Becoming agitated in the late afternoon or early evening is a common phenomenon among people with Alzheimer’s disease. In fact, a special word—sundowning—is used to describe this behavior. Sundowning can take the form of behaviors not seen during other times of day, or it may represent a worsening of ongoing daily behaviors.
Exactly what causes sundowning is unclear. Possible explanations include fatigue at the end of the day, being overwhelmed by too much sensory input, lack of stimulation (not enough activities or attention), and becoming confused in dim light.
Sleep problems, such as sleep apnea and disturbances in the sleep/wake cycle (circadian rhythm), may also play a role. The behavior seems to be more common among people living in nursing homes than in those living at home. Of course, not everyone with Alzheimer’s experiences sundowning, and some individuals have more behavior problems early in the day rather than later.
What you can do
If you are caring for someone with Alzheimer’s disease who experiences sundowning, think about what might be triggering the episodes and take steps to minimize them. Here are some common triggers:
Exhaustion. A confused person may be tired in the evening from a day of trying to make sense of his environment. Plan the your loved one’s day so that fewer demands, such as bathing, are placed on him in the evening.
Too much input. Noise, glare, and distractions can contribute to agitation. If sundowning coincides with a busy time in your household (for example, dinner preparation, family members arriving, the television being turned on), try to reduce the number of activities going on, or move the person to a quieter area of the house.
Too little input. Some people with Alzheimer’s are used to having constant attention and will become agitated when you turn to other responsibilities, such as returning phone calls. Try giving your loved one a simple task to do nearby, or enlist another family member to spend time with her.
Inadequate lighting. A person who cannot see clearly because of dim light may become confused and visualize objects that aren’t there, so make sure the house is well lit in the evening.
If an episode of sundowning occurs, reassure your loved one using calm, positive statements, or direct the person’s attention to another activity, such as going for a walk. Do not raise your voice or argue with the person.
The role of sleep
People with Alzheimer’s disease suffer disproportionately from sleep disturbances. Helping the person get a good night’s sleep can reduce daytime sleepiness and may reduce disruption of the circadian rhythm, a common problem in elderly people.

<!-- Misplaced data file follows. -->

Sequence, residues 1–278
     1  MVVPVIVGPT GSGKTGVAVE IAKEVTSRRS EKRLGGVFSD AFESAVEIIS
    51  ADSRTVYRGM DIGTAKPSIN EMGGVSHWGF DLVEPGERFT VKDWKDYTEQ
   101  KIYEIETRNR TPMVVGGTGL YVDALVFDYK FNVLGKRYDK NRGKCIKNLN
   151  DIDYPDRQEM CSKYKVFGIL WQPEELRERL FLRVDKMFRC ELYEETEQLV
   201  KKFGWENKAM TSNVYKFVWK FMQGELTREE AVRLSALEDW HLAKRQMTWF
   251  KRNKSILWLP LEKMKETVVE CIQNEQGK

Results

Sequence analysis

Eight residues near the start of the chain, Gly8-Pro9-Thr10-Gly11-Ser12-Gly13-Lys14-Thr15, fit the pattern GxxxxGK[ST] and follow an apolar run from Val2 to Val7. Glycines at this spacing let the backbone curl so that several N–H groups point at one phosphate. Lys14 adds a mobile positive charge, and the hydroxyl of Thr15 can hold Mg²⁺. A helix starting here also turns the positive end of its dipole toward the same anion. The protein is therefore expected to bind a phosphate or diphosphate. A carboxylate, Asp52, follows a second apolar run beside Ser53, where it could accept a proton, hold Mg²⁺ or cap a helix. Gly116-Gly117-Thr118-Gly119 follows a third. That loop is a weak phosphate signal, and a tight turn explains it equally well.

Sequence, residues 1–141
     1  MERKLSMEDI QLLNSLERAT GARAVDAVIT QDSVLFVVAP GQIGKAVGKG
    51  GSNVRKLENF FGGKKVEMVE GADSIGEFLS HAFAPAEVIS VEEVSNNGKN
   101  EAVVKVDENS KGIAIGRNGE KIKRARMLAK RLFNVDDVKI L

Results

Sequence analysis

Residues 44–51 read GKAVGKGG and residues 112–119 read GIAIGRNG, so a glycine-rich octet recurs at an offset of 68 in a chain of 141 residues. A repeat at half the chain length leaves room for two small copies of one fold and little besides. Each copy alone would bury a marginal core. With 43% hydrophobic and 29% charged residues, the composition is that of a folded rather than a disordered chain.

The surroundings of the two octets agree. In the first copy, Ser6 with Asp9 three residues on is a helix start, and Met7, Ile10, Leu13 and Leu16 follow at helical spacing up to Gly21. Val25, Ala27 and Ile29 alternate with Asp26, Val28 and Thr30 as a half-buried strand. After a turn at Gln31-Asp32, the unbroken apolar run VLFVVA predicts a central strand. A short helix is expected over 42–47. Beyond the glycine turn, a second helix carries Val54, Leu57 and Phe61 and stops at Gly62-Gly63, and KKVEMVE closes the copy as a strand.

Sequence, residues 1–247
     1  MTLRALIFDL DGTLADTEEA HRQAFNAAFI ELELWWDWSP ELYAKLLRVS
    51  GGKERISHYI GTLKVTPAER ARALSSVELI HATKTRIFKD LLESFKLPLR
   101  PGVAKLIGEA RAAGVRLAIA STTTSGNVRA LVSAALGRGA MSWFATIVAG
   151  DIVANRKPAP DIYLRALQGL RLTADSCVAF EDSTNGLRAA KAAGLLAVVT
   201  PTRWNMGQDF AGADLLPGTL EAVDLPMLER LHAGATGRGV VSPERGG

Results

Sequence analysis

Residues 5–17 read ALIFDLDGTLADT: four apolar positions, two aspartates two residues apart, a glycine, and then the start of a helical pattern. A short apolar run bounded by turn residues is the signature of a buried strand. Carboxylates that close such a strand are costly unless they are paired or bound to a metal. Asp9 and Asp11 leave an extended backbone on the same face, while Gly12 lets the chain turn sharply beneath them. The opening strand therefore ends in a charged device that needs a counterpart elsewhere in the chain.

Sleep hygiene. Encouraging proper sleep practices—known as sleep hygiene—can promote restful sleep:
• Establish a consistent schedule for the person to go to bed and get up.
• If your loved one has trouble sleeping at night, limit napping to a short period in the early afternoon.
• Engage the person in exercise during the day that is appropriate to his or her level of functioning. Do not encourage strenuous exercise within three hours of bedtime.
• Discourage your loved one from watching television if he or she awakens at night.
• Don’t allow food or beverages containing caffeine (including chocolate) within six hours of bedtime.
• Restrict the use of nicotine and other stimulants.
• Don’t provide heavy meals or alcohol before bedtime.
• Limit fluid intake in the evening and encourage the person to empty his or her bladder before bedtime.
• Address factors that may interrupt sleep, such as household pets in the bedroom or traffic noise from outside.
Medication. Because cholinesterase inhibitors, often prescribed for people with Alzheimer’s disease, sometimes have a stimulant effect, try giving them in the mornings if your loved one is not sleeping well. In fact, there is some evidence that their use during the day can help reduce daytime sleepiness. The morning is also the best time to give diuretics (“water pills”) because they can cause nighttime urination if given in the evening.
In addition, evaluate whether the person is taking other medications that can interfere with sleep. Such medications include beta-blockers (used in high blood pressure and heart disease), bronchodilators (used in lung disorders), corticosteroids (used in arthritis), H2 blockers (used in acid reflux), and selegiline (used in Parkinson’s disease).
Sleep apnea. More than 70% of people with dementia suffer from sleep apnea—temporary, recurrent breathing interruptions during sleep. The best treatment for sleep apnea is continuous positive airway pressure (CPAP), which involves the delivery of pressurized air through a nasal mask to keep the airways open. Although CPAP is highly effective and, in some cases, may even produce small improvements in cognitive functioning, coaxing a person with dementia to use it is often difficult or impossible.
Light therapy. Inadequate exposure to light can contribute to sundowning; in fact, there may be a link between seasonal affective disorder (SAD) and the condition. Getting the person outdoors during the day or placing the person’s chair next to a sunny window can remedy this problem. Some experts suggest using light boxes in the winter, although it may be difficult to get the person to sit in front of a light box.
Melatonin. Although several small studies have found that melatonin may be effective in reducing insomnia and sundowning in people with Alzheimer’s disease, others have not. This approach is not recommended.
Activity. Because inactivity can lead to sundowning, try to schedule an activity your loved one has always enjoyed—such as going to the store or meeting friends—on most afternoons.
Distraction. Sometimes, distracting the person can help control sundowning. Try engaging him or her in a conversation about a topic he or she finds important, such as family, hobbies, or politics.